If We Silence Adoptees, Who is Adoption For?

If it were your first time on the internet, one thing you might find is that humans seem nearly obsessed with how we value the lived experiences of other humans. We are the only species that makes decisions solely based on the reviews of others within our species. Need a good vacation spot? Read a review. Want to move to another town? Read a review. What graduate school should you apply to? Read a review. Is that a good restaurant, photographer, book, nanny, dentist, vehicle, surgery, employer, so on, and so on? Read a review.

As a species, we want to be informed.

If one were to look into adopting a child through an international or domestic adoption, it would seem that the lived experiences of those who were adopted would be the most valued and sought after, right? The ones that could inform us best at what we might be getting ourselves into, right?

Absolutely wrong.

The most valued lived experience in adoption does not belong to the adoptee; the person who actually lives the adoption experience.

In adoption, there are reviews for which agency or attorney to use. Or which country is the most affordable with the quickest process. Or what social media site has the best fundraising results.

But there is no forum dedicated to the very experience with which all the other reviews ultimately lead to: the life of an adoptee. The very one that adoption is for.

So when an adoptee takes the time to be vulnerable, honest, and passionate about their lived experience with you, can I ask one thing on their behalf?


and do not


that adoptee

I would have given anything for an adoptee’s review on their lived experience 20 years ago. The only reviews I received were those of adoption agents and adoptive parents. Please do not squander the wealth of information that adoptees can provide. You never know when you may unexpectedly need it. Many of us from days past were not granted access to these valuable insights. They are gold. Treat them as such.

Many do not want the adoptee voice to be the prominent voice in adoption (or any voice at all). Sometimes, those types of reviews may be bad for the adoption business. But the business transaction of adoption is a brief moment in time. The lived experience of adoption lasts a lifetime. Who would have the stronger claim to opinion? Who should have the stronger claim to opinion?

Adoptees are not 2-dimensional automatons that come in only “grateful” or “angry” modes. You cannot guarantee the outcome for any model that you receive because they are indeed humans- amazing, beautiful, and worthy humans. Each living their own experience through this institution called adoption. An institution that might get better reviews if humans became more concerned with the voice of those actually living the experience. Rather, we concern ourselves with the reviews comprising of the means by which we interact within the institution. We concern ourselves with the most impersonal minutiae of a very personal experience.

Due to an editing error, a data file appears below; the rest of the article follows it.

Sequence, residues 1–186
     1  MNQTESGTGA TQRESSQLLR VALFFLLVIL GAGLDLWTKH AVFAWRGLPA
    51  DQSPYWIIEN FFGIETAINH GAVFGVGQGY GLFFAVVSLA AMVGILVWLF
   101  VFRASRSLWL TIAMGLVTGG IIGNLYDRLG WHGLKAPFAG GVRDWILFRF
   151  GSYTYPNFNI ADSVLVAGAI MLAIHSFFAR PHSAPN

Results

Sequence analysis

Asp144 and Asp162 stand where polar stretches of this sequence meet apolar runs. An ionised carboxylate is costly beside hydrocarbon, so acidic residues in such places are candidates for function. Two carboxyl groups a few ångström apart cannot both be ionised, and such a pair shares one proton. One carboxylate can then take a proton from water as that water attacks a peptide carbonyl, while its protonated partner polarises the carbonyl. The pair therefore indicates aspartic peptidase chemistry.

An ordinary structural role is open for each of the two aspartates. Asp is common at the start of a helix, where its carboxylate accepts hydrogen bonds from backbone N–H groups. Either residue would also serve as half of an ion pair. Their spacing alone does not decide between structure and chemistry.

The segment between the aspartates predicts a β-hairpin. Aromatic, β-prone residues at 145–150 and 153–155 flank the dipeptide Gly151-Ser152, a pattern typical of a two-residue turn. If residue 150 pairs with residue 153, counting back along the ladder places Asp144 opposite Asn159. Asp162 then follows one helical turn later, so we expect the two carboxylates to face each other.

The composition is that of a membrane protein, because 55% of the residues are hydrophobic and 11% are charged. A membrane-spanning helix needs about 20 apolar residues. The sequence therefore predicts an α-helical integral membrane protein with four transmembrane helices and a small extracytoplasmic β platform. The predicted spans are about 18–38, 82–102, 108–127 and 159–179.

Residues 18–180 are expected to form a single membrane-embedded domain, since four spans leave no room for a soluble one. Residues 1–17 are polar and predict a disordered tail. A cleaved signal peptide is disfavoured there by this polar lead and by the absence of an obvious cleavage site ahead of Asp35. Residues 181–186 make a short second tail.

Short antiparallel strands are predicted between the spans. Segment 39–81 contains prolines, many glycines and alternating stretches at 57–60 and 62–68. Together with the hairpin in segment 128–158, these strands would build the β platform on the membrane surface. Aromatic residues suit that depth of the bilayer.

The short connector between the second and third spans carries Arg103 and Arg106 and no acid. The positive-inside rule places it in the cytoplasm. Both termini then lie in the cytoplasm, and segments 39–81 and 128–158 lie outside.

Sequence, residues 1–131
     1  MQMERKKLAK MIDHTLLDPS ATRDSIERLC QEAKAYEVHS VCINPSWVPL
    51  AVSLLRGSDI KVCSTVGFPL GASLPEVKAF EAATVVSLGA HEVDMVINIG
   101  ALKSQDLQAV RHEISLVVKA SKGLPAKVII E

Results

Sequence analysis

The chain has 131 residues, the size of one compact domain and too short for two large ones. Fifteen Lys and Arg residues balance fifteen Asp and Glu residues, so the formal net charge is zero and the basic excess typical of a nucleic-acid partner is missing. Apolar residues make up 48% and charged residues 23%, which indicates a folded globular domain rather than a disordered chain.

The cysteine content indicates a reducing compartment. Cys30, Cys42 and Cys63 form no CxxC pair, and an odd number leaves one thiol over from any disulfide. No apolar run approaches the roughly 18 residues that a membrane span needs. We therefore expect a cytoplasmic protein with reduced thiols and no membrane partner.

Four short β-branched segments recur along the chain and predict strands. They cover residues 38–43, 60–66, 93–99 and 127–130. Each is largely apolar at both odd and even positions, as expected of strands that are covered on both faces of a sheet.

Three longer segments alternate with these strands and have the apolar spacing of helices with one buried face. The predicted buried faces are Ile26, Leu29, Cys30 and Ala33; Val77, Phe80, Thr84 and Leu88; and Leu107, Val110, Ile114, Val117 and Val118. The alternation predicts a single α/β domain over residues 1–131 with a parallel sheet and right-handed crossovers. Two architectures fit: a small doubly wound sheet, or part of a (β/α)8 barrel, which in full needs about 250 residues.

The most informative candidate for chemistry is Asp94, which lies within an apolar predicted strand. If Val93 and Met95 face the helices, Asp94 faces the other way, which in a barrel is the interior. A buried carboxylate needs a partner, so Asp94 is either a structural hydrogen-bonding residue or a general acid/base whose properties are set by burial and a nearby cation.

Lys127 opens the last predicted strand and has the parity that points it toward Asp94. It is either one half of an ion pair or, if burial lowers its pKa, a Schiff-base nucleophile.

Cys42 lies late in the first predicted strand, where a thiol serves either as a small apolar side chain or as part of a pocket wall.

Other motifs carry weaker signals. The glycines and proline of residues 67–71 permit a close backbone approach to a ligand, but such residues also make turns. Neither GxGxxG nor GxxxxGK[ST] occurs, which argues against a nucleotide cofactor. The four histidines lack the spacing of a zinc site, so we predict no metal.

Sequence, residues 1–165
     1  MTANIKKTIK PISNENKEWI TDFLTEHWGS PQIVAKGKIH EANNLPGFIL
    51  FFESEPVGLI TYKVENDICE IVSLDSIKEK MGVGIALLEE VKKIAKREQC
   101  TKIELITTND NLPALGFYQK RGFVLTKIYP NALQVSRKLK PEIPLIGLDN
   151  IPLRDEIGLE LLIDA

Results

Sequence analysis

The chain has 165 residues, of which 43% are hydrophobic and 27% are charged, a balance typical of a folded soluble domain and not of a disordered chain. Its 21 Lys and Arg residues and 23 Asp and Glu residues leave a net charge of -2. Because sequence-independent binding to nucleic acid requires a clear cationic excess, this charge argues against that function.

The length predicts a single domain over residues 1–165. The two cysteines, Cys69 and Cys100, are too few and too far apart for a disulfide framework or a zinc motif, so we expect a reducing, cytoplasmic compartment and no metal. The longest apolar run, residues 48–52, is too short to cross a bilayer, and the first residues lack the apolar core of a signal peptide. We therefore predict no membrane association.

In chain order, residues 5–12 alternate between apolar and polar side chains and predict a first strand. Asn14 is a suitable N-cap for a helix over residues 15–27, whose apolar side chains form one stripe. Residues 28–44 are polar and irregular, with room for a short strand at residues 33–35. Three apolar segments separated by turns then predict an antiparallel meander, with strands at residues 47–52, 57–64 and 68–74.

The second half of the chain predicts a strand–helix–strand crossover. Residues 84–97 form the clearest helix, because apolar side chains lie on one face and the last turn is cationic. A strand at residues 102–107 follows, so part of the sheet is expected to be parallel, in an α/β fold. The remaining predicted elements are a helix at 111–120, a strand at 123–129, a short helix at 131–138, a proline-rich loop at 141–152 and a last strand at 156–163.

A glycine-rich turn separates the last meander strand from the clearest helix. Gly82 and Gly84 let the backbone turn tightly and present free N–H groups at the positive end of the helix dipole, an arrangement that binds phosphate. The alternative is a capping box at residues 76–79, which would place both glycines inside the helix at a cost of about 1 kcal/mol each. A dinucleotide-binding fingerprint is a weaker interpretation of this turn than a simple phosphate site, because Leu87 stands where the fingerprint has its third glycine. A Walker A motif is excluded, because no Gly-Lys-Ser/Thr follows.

Of course, I have selfish reasons in asking that you respect the voices of adoptees. I write this for my daughter.

My daughter has never known anything outside of a lived adoption experience. She is the expert. It is her life for better or worse- my regrets or not. I see day-in and day-out how adoptees are invalidated, minimized, and silenced. I shudder at the thought that my daughter may be on the receiving end one day. That day may come when she writes the review of her lived adoption experience, in the hopes of helping another human, and in return she will get #notall-ed by someone too delicate for her honesty. She may be dismissed as an “angry” model and her review will be figuratively and literally deleted from existence. An entire lived experience, silenced.

If we silence adoptees, who is adoption for?

I’ll say it again,

If we silence adoptees, who is adoption for?

It takes incredible courage for adoptees to share their experiences…their lives with us. One day, I hope that it is their reviews…their voices…that are sought after first rather than not at all.

Isn’t that a beautiful future?

Those who started life without a voice one day becoming the most valuable voice of all.

I love you, H. 

Speak your truth- grateful, angry, or anywhere in between.




12 thoughts on “If We Silence Adoptees, Who is Adoption For?

  1. Beautifully written! I myself am adopted and I one thousand percent agree with what you are saying. It is important for our voice to be heard.


    1. I want to understand my daughter better. And I have found the voices of adoptees incredibly helpful. It grieves me every time I see someone’s discomfort shut down an adoptee. It isn’t productive for families who need invaluable insight. Thank you. I hope I didn’t come across “speaking for” adoptees. I just dread the day my own child is treated so poorly.

      Liked by 1 person

  2. As an adoptee, amen and thank you. It *always* comes from insecure adoptive parents or prospective adoptive parents and I often wonder how they’ll feel in 12 or 15 years when someone talks to their beloved child like they’ve talked to me and other adoptees. By talking down to, #NotAll and being incredibly rude and patronizing they’ve given permission for others to talk to their adoptees like that in a few years.

    Liked by 1 person

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